The successful cloning of the species which is native to the High Arctic tundra of Canada’s Queen Elizabeth Islands, is considered a milestone achievement in conserving rare and endangered species through technology.
A wild Arctic wolf was successfully cloned for the first time in the world by a Beijing-based gene firm. The cloning of the Arctic wolf, also known as the white wolf or polar wolf, which is native to the High Arctic tundra of Canada’s Queen Elizabeth Islands, is considered a milestone achievement in conserving rare and endangered species through cloning technology.
“To save the endangered animal, we started the research cooperation with Harbin Polarland on cloning the Arctic wolf in 2020. After two years of painstaking efforts, the Arctic wolf was cloned successfully. It is the first case of its kind in the world,” the Global Times quoted Beijing-based Sinogene Biotechnology Co’s general manager Mi Jidong as saying.
World’s 1st cloned wild Arctic wolf debuted via video Mon, 100 days after its birth in a lab of a Beijing-based gene firm, marking a milestone for the application of cloning tech in breeding of rare & endangered animals. Another cloned Arctic wolf is expected to be delivered soon pic.twitter.com/8WxLt5Eoff— China Science (@ChinaScience) September 20, 2022
According to the company, the wolf named Maya is in good health. The donor cell of the wolf came from the skin sample of a wild female Arctic wolf and its oocyte was taken from a female dog. According to the Global Times report, Maya’s surrogate mother was a beagle, a dog breed. The dog was selected as the surrogate as it shares genetic ancestry with ancient wolves and hence, ensures success in cloning.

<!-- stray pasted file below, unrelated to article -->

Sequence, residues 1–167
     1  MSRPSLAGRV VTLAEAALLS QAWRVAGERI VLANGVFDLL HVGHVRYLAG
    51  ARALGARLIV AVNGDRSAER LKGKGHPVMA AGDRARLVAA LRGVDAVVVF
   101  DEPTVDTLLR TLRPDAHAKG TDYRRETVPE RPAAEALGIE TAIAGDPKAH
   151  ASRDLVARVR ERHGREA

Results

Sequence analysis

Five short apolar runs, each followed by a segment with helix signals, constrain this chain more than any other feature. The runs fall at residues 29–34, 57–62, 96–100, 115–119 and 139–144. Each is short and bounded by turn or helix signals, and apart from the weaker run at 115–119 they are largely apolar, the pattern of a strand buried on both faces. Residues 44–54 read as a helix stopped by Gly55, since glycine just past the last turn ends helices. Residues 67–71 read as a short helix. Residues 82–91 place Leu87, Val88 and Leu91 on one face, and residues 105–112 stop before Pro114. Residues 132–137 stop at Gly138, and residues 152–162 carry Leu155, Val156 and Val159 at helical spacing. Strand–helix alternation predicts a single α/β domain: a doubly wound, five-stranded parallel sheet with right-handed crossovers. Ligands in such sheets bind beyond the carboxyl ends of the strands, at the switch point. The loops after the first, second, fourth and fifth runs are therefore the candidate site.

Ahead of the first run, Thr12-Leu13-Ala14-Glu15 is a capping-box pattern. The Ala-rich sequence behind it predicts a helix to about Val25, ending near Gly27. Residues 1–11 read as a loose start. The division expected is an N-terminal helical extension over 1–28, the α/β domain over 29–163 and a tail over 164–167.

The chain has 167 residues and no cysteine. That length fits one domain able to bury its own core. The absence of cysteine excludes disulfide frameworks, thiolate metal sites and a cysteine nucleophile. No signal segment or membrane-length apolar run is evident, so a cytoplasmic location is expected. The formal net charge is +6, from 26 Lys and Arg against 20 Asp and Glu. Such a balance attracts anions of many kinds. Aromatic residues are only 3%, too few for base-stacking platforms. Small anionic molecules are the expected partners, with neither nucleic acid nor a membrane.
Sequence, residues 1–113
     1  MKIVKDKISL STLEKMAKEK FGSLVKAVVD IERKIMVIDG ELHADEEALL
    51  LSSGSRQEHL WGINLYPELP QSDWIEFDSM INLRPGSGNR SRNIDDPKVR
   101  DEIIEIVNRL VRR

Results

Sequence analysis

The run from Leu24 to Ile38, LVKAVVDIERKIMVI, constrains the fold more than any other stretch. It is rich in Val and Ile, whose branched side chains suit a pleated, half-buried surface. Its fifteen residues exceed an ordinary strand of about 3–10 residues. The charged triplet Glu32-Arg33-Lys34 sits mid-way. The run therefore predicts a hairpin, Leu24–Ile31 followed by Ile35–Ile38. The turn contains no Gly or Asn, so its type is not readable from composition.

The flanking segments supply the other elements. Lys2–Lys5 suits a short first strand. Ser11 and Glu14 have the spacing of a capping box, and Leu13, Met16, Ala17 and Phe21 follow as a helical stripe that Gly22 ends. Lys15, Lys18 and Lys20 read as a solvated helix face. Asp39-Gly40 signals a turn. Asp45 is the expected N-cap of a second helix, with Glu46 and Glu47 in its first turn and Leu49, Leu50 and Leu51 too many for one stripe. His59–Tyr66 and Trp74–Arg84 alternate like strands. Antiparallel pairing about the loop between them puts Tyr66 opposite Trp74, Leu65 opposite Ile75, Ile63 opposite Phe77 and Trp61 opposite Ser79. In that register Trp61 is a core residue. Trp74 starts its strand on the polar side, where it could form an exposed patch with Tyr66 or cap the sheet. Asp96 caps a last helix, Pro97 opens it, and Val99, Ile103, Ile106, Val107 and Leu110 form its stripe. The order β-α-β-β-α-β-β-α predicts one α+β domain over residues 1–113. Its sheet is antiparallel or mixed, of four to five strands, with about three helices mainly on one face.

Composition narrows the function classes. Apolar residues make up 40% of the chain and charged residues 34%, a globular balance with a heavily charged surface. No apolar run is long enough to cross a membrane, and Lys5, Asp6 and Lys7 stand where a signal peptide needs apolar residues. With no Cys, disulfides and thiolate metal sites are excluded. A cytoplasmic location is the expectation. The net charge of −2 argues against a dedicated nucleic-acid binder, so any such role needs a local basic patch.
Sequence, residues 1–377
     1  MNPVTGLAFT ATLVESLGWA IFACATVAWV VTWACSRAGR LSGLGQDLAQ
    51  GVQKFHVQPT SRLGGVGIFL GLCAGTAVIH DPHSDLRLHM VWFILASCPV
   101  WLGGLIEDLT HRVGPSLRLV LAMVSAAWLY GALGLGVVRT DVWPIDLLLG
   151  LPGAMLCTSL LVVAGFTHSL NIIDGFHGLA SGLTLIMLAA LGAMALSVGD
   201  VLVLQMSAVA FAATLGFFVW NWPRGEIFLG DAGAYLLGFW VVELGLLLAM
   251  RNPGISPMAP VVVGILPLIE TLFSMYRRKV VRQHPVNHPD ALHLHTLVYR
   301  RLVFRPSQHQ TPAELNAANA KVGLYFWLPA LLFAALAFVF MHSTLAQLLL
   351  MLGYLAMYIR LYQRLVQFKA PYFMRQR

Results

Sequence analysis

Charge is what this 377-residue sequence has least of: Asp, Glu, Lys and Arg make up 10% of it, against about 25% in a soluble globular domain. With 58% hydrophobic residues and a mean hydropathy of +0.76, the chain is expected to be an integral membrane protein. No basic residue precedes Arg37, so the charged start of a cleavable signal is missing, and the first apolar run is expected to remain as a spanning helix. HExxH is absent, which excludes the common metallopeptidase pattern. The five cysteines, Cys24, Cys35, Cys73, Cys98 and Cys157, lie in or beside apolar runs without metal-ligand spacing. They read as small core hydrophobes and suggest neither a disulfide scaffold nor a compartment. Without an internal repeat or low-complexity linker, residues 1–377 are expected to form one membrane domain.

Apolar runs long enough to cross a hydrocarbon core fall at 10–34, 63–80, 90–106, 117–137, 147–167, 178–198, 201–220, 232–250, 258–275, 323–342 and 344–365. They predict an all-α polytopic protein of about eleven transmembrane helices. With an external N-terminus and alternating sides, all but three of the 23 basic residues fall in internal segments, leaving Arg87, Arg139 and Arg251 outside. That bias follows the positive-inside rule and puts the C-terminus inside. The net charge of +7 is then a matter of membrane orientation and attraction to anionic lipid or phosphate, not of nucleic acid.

According to Zhao Jianping, the company’s deputy general manager, the process began with constructing 137 new embryos from enucleated (process of removing the nucleus from a cell) oocytes and somatic cells followed by the transfer of 85 embryos to the uteri of seven beagles, of which one was born as a healthy wolf.
Cloning, the process of creating copies of living organisms, including cells, tissues, etc, was first used to create an animal in 1996 by a Scottish scientist. The animal, a sheep named Dolly, was made using an udder cell from an adult sheep.